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A Good Day for College Hockey at NHL Draft

When the National Hockey League's Entry Draft was held on June 26, the name's of 59 college hockey players (including incoming freshmen) were announced from the stage of Boston's FleetCenter. Five different NCAA hockey conferences had players chosen, with Hockey East leading the way with 19 selections.

The ECAC had 14 players chosen, followed by the WCHA with 13, the CCHA with 12, and the new College Hockey America conference with one (Brian Gornick of Air Force).

The first collegian chosen in the draft was Michigan defenseman Jeff Jillson who was chosen at #14 by the San Jose Sharks. San Jose, with former UNH defenseman Tim Burke speaking for the club, would lead all NHL clubs with five collegians chosen.

Also taken in the first round were Wisconsin defenseman David Tanabe (#16 by Carolina) and Maine forward Barrett Heisten (#20 by Buffalo). Twelve college players went in the first two rounds, compared to 20 Europeans, and 34 Canadian junior players.

After San Jose, the most interest in college players was shown by Calgary, Carolina, Pittsburgh, and St. Louis, all of whom chose four college players.

While attention in recent years has been focused on collegians in the NHL or collegians take in the draft, what has gone relatively unpublicized has been the growth of college hockey alumni in management positions. When the first six NHL teams went to the podium (covering the first ten selections) during Saturday's first round, the following people either spoke at the podium or played a key decision-making role at that team's table: #1 pick, Atlanta, GM Don Waddell (Northern Michigan alum); #2 and #3 picks, Vancouver, GM Brian Burke (Providence alum); #4 and #9 picks, N.Y. Rangers, GM Neil Smith (Western Michigan); #5, #8 and #10 picks, N.Y. Islanders, GM Mike Milbury (Colgate alum); #6 pick, Nashville, GM Dave Poile (Northeastern alum); and #7 pick, Washington, GM George McPhee (Bowling Green alum).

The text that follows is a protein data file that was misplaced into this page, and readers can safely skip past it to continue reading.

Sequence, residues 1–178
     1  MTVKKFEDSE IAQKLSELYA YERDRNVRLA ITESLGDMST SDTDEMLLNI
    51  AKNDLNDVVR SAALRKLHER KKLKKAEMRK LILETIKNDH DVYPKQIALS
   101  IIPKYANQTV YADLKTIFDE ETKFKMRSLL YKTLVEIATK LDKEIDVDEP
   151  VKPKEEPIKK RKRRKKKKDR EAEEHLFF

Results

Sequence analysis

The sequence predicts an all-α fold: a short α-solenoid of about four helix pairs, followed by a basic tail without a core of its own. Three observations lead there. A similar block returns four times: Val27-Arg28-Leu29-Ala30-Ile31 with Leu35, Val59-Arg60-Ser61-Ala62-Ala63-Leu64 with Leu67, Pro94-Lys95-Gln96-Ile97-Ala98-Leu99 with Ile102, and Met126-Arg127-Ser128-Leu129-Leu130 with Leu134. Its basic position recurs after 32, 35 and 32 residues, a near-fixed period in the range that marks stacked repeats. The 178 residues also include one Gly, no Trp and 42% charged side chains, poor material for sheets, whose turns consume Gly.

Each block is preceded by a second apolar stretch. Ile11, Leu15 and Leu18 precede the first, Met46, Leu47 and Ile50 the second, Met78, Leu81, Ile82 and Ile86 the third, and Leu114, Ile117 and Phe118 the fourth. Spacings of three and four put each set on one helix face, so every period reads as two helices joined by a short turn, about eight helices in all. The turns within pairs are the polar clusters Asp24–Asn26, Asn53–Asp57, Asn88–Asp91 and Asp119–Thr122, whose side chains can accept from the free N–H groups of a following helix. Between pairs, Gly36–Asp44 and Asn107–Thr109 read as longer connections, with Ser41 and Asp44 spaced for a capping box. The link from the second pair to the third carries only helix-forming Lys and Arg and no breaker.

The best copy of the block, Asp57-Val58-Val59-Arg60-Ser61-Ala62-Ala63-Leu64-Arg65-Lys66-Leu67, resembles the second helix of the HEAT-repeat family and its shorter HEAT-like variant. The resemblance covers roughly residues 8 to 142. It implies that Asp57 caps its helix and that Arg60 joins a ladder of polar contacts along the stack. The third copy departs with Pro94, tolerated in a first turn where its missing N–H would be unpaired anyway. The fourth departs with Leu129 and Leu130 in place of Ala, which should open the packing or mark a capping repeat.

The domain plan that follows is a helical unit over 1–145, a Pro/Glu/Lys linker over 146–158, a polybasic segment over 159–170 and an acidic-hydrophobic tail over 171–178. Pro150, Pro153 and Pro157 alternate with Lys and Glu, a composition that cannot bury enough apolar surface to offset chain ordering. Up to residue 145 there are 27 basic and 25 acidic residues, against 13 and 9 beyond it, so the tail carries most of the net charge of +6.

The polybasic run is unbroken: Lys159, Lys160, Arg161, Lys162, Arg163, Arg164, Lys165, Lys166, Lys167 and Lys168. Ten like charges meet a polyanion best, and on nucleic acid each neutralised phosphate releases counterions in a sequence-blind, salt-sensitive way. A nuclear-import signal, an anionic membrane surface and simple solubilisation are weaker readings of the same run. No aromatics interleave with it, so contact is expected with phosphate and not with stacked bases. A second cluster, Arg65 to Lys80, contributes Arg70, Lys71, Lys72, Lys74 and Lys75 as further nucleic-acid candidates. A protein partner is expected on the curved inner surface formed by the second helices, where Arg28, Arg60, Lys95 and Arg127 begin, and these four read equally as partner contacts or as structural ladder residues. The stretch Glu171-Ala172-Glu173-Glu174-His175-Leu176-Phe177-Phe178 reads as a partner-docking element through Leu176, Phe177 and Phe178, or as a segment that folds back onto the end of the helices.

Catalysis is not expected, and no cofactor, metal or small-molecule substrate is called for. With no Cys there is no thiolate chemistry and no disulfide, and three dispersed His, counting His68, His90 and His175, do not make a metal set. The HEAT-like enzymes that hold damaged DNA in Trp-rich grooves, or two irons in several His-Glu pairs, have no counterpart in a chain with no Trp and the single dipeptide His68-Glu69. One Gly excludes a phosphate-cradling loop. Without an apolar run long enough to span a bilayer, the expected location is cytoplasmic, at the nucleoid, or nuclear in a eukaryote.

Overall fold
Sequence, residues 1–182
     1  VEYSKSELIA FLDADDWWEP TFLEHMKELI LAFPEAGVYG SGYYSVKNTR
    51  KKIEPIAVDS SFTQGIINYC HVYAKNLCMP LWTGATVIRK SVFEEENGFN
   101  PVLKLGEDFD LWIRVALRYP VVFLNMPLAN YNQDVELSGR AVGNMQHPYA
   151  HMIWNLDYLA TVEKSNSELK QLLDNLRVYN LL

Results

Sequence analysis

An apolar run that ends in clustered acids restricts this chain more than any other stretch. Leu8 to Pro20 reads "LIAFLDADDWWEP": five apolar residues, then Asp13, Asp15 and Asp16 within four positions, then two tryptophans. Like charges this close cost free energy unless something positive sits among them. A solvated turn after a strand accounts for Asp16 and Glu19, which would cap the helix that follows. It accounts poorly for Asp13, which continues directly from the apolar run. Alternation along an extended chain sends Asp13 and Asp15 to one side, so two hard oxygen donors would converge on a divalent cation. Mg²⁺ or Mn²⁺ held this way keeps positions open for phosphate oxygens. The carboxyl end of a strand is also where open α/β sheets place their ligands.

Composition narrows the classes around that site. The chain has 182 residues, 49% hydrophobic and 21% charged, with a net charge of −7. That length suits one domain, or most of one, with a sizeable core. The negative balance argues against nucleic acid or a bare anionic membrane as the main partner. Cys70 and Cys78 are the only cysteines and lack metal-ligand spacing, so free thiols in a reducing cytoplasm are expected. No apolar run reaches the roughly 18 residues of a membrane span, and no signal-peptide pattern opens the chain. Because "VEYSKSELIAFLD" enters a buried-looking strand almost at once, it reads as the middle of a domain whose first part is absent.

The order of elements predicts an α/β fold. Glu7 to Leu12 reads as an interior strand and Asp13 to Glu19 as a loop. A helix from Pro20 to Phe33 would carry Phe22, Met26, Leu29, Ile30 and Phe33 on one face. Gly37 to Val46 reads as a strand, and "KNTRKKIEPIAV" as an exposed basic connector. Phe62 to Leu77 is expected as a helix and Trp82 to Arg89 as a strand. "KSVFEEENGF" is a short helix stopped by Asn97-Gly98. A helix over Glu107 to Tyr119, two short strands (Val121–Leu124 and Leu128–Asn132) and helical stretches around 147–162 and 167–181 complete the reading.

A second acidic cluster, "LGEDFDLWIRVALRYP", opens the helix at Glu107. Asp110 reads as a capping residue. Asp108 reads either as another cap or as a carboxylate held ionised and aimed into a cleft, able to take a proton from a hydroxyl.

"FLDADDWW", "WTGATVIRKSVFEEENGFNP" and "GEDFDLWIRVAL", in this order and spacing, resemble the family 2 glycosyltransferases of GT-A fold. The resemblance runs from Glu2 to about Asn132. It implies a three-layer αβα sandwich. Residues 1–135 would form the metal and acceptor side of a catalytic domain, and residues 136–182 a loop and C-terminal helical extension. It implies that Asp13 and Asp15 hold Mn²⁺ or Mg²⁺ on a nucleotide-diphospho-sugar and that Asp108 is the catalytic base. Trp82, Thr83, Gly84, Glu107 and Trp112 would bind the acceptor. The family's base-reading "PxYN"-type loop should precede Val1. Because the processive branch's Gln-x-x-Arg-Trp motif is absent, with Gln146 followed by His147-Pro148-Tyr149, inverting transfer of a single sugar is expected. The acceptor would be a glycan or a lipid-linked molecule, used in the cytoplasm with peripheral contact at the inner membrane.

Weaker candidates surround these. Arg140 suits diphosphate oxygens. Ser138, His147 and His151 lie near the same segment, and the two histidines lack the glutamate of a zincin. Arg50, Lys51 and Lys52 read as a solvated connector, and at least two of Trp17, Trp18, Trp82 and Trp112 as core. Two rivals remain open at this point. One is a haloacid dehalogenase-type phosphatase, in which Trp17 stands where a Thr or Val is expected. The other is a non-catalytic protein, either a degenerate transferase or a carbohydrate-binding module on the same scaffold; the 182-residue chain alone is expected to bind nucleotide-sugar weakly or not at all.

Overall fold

Special praise must go to Sherry Skalko of the CCHA who put out a terrific Draft-day guide to collegians eligible for the draft. It was paid for by the AHCA.

NCAA Rules Committee Points of Emphasis for 1999-2000

The NCAA Ice Hockey Rules Committee has declared war on the interference that has plagued the college game in recent years. Reducing its "Points of Emphasis" to just four items for the coming season, the committee put the control of interference at the top of the list. The Points of Emphasis for the 1999-2000 hockey season, as issued by the NCAA Ice Hockey Rules Committee, are:

  1. Interference Rule 6-25: A strict standard of interference must be adhered to in all areas of the rink. Players who impede or seek to impede the progress of opponents by hooking with the stick or holding the stick or any piece of equipment or clothing with the hand or arm must be penalized.
  2. Contact with the Goaltender: It is the responsibility of the attacking player to avoid contact with the goaltender in the privileged area, particularly in the crease.
  3. Cross Checking/Slashing Rules 6-8 and 6-42: Officials and coaches must continue to emphasize these violations with zero tolerance, stick fouls (e.g., high-sticking, cross-checking, and slashing) have become pervasive and must be eliminated from the game.
  4. Hitting From Behind Rule 6-20: Officials must continue to penalize this violation with zero tolerance. The Rules Committee is steadfast in its effort to eliminate hitting from behind from the game.

Among other action taken by the committee: